O: I read somewhere that you don’t think you’re very sentimental. Are any of your fragrances rooted in the past for you or is everything tied to the present?

IR: Oh, definitely, there are roots in the past. It’s funny that I said that because I think I’ve changed a little bit over time. I remember studying at ISIPCA, and the professors would always bring up the old fragrances stored in the cellar. We had one whole course on the history of fragrance, but even when we were creating structures the professors would go down and pick up all the historical structures. So if we were studying eau de colognes they’d go down and pick up Jean-Marie Farina from the 1700s, Eau Sauvage, and all of those big eau de cologne structures from over the years. But then when we would get to the more modern ones, I would always think, “Ah, that smells so much better.” I think we have so many more raw materials than we used to and there are so many more options now than there used to be. But I did end up creating some fragrances in recent years that are really vintage but mixed in a more modern way.

Ineke's perfumery materialsO: Are there any notes that you find particularly joyful to work with or anything that’s really challenging to work with?

IR: I think every perfumer has a palette of favorite materials. I have on my workbench over 500 different materials, and I probably, on a regular basis, use 50 of them. So there will be other materials that I may have used once or not at all, and I like having them as an option. I can’t imagine ever making a fragrance without hedione. It doesn’t smell like very much at all but it’s this incredibly pleasant floralizer. If you added hedione to a heavier note you would just get a fresher note. And so if you add hedione to rose absolute you get something much closer to the scent of the real rose. And then I can’t imagine ever making a fragrance without musk. I have probably 20 musks and I always use a musk cocktail of about three or four musks, and I try to make it a little different each time.

O: If you had to describe your style, could you? What would that be?

IR: I have that classical training and so I think about the technical structures and I try to balance the top notes and the middle notes and the base notes. I try to make sure that a fragrance doesn’t fall off a cliff—start off one thing and turn into something completely different. I think about transition. I don’t have a very heavy hand, and so I tend to be probably a little bit lighter and fresher than the average niche perfumer. I also like things pretty blended, so I don’t like to have really discordant notes. I tend to blend until things feel like a whole entity rather than having jagged notes sticking out.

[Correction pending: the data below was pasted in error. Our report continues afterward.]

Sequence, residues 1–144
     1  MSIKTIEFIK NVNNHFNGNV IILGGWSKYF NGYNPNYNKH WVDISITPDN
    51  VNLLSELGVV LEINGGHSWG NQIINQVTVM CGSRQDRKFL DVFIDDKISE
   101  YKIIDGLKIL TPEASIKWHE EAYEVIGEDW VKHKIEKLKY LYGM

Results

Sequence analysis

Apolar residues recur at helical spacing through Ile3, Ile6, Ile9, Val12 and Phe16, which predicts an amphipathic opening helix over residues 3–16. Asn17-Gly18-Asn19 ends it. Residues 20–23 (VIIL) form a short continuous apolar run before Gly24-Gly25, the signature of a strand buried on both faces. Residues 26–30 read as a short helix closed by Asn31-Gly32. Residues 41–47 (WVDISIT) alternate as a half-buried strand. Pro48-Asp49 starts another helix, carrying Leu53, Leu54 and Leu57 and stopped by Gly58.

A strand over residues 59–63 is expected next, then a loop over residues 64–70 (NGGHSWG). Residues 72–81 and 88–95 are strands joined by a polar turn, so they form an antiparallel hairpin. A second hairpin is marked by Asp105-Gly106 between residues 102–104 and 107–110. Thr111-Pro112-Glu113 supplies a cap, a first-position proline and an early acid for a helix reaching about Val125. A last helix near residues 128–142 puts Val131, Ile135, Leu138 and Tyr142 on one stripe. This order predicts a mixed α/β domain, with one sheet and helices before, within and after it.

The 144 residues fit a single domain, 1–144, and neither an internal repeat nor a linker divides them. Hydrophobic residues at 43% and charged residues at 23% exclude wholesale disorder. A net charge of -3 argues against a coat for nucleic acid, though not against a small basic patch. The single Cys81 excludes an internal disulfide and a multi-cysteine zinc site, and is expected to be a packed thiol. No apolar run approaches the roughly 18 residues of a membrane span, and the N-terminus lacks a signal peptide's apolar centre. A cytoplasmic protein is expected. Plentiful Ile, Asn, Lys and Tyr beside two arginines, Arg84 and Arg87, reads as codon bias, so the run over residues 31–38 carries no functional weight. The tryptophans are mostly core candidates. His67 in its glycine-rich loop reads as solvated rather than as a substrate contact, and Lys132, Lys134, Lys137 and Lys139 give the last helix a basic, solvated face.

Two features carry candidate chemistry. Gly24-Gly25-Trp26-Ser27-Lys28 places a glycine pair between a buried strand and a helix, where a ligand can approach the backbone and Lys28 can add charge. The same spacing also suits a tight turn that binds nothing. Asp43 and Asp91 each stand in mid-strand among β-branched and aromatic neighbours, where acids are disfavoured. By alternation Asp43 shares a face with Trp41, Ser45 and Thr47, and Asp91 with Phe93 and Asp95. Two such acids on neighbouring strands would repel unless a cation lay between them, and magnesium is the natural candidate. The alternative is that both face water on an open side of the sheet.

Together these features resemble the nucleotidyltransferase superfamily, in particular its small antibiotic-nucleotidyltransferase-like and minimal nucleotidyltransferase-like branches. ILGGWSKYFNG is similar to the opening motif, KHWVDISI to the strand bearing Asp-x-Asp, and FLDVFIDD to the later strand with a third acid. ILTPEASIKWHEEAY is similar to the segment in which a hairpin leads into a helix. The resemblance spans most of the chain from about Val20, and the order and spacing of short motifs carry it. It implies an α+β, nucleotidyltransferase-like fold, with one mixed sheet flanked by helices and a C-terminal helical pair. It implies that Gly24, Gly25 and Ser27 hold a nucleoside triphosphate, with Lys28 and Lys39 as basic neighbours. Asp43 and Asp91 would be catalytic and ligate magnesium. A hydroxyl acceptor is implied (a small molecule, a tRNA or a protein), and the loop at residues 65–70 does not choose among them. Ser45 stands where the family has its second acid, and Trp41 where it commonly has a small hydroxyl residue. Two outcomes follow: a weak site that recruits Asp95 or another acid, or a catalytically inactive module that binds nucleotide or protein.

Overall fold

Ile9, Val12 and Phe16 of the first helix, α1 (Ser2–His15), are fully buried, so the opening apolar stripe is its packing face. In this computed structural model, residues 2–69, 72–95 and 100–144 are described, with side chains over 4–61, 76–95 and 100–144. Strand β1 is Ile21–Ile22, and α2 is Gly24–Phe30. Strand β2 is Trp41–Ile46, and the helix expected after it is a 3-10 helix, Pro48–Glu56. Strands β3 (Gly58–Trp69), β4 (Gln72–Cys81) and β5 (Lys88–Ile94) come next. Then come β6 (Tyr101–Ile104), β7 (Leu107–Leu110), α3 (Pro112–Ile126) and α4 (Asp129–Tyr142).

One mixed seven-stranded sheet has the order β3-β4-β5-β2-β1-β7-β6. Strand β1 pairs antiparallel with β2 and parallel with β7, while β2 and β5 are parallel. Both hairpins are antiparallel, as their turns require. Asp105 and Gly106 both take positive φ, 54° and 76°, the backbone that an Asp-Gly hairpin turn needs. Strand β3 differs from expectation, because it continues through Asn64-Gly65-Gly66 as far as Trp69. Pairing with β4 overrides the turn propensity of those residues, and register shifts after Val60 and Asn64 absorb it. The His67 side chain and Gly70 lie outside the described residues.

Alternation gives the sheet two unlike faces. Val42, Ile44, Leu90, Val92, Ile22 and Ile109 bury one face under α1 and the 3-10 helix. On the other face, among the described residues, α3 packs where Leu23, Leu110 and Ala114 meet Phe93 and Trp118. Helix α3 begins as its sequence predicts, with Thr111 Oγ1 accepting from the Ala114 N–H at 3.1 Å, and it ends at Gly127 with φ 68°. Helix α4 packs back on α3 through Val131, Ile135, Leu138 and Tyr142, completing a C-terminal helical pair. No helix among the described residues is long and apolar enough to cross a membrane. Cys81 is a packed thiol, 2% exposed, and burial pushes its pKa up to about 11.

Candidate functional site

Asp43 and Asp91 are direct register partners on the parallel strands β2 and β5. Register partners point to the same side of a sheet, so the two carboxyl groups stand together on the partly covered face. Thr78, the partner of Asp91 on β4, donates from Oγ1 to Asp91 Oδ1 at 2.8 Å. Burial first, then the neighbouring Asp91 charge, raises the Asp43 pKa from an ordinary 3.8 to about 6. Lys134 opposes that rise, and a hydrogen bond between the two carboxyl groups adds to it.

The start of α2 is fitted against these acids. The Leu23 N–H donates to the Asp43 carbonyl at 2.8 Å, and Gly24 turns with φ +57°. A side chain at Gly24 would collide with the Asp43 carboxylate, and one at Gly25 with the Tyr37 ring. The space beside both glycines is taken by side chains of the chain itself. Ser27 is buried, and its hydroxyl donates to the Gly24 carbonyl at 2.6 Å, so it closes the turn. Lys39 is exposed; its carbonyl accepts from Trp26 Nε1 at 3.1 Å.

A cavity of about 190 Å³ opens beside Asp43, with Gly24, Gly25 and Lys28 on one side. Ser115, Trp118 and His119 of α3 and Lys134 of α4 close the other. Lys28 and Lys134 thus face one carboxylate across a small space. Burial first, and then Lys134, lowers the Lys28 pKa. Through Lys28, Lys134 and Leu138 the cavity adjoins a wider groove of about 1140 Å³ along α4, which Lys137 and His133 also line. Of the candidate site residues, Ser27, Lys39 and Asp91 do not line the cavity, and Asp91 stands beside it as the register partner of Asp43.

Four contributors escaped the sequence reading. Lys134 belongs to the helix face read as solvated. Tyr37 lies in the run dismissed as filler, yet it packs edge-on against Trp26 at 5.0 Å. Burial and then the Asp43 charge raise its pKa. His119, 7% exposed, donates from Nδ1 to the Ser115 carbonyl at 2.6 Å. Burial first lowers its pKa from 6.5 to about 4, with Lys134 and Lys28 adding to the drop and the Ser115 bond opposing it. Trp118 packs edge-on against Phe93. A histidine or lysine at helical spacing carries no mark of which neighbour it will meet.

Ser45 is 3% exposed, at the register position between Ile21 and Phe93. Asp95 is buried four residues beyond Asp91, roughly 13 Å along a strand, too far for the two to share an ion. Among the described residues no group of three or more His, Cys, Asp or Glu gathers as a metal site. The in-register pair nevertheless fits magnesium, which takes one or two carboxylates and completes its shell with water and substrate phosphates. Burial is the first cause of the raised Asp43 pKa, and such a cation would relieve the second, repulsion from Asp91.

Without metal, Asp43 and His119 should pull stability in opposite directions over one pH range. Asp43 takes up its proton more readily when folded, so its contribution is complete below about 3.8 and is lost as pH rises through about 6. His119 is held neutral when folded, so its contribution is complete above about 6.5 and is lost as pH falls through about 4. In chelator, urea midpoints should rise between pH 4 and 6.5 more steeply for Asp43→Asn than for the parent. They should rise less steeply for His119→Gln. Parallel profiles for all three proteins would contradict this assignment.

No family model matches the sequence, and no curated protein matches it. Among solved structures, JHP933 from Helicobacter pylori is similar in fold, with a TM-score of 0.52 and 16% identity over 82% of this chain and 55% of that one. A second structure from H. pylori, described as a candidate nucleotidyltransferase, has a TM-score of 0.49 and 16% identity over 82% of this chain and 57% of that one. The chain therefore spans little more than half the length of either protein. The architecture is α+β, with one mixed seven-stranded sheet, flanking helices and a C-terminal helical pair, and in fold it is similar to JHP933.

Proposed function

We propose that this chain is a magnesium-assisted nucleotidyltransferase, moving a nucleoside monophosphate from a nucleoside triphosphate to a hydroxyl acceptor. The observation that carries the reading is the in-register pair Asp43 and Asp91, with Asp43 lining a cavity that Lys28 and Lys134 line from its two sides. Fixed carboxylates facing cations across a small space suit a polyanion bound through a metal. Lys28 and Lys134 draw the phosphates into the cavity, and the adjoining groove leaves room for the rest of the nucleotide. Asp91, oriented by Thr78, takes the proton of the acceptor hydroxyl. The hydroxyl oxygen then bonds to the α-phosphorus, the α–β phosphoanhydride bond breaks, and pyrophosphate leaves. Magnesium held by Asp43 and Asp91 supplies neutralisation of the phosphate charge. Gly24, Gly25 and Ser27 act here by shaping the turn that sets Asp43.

O: You have a lot of insight into how the big fragrance companies work. How is your process different and how does it lead to a different result?

IR: The really big difference is that I am basically one person making the whole process from start to end—not just the fragrance but all the packaging ideas and the marketing. So it ends up being a pretty cohesive product. It doesn’t have the financial backing of what they would do, or the reach or all of the resources that a big company puts into a product launch. They market research everything, too, every aspect of the mix. When you’re just this one person working in your own corner, you’re not thinking about anything like that because you don’t have to get two percent of the market or something. You can’t be worried about it even if you had the resources to be worried about it.

O: Thank so much for taking the time to talk with us, Ineke. We're so excited to introduce subscribers to your beautiful work.

IR: I’m really happy that you chose After My Own Heart for your Fleurs de Mai collection. As a niche perfumer, it’s not always easy to get my fragrances in front of people because I’m sold in a very limited number of stores. Moreover, fragrances are not the easiest product to buy online because they ideally need to be tried on skin first. Olfactif is such a clever idea to address these challenges. I think you’re making a big contribution to the revival of artisan perfumery.    

2 Responses


May 17, 2013

Ah, lilacs! Enjoy them, Ann. Fleeting…

Ann @ Indigo Perfumery
Ann @ Indigo Perfumery

May 15, 2013

Lovely interview, Tara. I enjoy your thoughtful questions.

Ineke, I look forward to taking in After My Own Heart. Lilacs are blooming now just outside of my kitchen; it is glorious to go out and breathe!